islandmusicpro wrote:Or use the Intel QuickSync functionality that's built into modern Intel CPUs.
For example, I'm running my DAW with no discrete graphic from the HD4000 on the Ivy Bridge.
Those circuits are FAST!
Care to elaborate on that? Just curious.
Sure, and I apologize for my incoherent blabbering. I'm a guitar player first, computer enthusiast second and would-be audio engineer third, so take everything with a grain of salt.
When I built my DAW machine, I decided to go without discrete graphics, since I figured I didn't need it (no gaming).
I have a Core i7 3770K Ivy Bridge, which has decent graphics built in, driving my two monitors. That chip uses an updated version of a functionality that Intel calls "QuickSync". As i understand it, they use a part of the graphics circuitry for some video de/encoding tasks, and they do it VERY fast, about double what CUDA does or other graphics-based compute solutions. I actually bought a QuickSync enabled media compression program and I am very impressed with the speed.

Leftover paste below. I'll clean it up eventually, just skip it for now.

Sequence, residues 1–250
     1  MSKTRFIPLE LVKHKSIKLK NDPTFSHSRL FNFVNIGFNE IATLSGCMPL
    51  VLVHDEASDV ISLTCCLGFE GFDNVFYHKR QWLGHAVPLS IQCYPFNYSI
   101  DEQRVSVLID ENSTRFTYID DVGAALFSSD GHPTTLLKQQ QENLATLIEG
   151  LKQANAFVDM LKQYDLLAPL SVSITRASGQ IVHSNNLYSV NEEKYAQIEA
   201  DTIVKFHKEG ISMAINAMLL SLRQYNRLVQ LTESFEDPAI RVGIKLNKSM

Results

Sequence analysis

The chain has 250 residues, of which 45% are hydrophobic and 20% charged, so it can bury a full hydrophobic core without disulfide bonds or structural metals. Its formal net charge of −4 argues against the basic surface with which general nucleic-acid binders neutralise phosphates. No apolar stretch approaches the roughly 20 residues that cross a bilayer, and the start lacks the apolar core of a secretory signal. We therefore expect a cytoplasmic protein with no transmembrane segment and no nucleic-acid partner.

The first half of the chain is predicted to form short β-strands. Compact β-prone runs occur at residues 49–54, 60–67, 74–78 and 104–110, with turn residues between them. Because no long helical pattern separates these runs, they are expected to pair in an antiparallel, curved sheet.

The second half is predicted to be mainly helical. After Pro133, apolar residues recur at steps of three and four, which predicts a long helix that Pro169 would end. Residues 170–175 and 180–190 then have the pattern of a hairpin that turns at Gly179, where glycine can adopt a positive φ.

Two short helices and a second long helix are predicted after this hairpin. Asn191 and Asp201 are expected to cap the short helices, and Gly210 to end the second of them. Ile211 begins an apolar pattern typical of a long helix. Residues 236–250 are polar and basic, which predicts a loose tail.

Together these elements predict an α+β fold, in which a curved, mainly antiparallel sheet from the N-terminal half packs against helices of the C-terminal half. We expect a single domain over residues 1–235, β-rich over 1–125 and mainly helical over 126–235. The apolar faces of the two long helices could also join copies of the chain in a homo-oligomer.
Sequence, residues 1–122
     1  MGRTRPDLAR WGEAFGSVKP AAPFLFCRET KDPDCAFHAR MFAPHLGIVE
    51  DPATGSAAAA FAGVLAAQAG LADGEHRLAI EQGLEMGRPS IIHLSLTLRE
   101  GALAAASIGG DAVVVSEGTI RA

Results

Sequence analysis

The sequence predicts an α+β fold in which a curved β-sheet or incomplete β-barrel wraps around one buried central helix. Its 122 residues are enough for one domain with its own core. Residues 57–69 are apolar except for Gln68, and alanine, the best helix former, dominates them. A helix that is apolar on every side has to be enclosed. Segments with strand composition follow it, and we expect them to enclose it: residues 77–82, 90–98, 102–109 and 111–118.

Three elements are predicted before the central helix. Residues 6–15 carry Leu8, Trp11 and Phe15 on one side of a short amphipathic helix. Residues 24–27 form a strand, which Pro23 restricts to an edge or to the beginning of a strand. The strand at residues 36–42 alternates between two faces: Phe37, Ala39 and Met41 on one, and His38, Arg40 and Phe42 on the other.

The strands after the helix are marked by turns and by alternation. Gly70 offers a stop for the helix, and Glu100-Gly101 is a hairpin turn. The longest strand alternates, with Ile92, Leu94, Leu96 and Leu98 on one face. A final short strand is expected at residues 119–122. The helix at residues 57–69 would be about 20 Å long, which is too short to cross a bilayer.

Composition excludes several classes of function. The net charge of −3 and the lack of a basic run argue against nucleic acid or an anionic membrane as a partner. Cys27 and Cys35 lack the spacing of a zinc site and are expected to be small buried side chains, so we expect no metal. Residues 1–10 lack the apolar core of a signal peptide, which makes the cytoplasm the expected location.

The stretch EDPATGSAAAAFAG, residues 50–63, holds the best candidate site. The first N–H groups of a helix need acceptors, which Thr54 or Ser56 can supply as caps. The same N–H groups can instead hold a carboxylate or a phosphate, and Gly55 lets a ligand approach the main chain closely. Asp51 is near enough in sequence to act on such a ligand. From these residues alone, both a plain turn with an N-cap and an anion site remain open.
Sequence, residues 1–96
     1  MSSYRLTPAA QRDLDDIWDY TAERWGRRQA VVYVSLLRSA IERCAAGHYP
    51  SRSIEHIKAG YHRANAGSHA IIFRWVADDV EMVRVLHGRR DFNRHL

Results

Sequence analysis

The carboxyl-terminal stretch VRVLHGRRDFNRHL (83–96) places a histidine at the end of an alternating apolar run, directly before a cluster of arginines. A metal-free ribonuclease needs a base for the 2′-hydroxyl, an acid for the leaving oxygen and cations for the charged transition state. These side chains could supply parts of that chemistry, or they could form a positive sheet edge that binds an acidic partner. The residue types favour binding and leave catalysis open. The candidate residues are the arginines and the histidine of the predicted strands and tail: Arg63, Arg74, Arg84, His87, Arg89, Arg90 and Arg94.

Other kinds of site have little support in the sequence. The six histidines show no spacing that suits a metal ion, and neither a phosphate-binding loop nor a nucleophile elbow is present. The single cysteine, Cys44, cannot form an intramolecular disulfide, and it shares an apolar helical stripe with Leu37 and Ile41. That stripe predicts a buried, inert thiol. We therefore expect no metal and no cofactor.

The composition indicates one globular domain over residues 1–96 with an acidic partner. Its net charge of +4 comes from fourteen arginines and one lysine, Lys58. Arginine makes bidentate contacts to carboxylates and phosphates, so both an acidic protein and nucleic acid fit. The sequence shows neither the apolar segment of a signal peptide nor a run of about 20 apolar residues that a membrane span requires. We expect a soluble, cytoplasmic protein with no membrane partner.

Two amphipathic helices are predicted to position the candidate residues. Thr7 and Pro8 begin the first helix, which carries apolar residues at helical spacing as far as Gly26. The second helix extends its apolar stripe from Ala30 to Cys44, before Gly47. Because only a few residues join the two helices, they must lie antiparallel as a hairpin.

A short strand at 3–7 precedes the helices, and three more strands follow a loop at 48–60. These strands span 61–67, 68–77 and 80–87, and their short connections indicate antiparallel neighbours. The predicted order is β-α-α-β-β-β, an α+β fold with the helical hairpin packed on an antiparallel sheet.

I just figured that most modern DAW computers have either Sandy Bridge, Ivy Bridge or Haswell based chips in them, and most of those have that QuickSync engine built in. Why not use that part of the chip, as it is in there almost by default and with clearly documented APIs?
Steinberg is using Hyperthreading lately for ASIOGuard, so they are (of course) aware of modern CPU's capabilities.
I get the argument though about precision and sloppy execution for critical audio tasks from circuits that were never meant to deal with that.
Cubase 7.5.30 x64, Windows 8.1 Update 1 x64
Synthogy Ivory 2, UAD2 Duo PCIe, Superior Drummer 2.3 NY extensions
i7 3770K Gigabyte Z77-UD5H, 32GB Crucial ULP 1.35V RAM
Allen & Heath ZED R16, UA LA610 Mk2, Neumann TLM49, Shure SM7B, Mackie HR624 Mk2https://www.facebook.com/islandmusicpro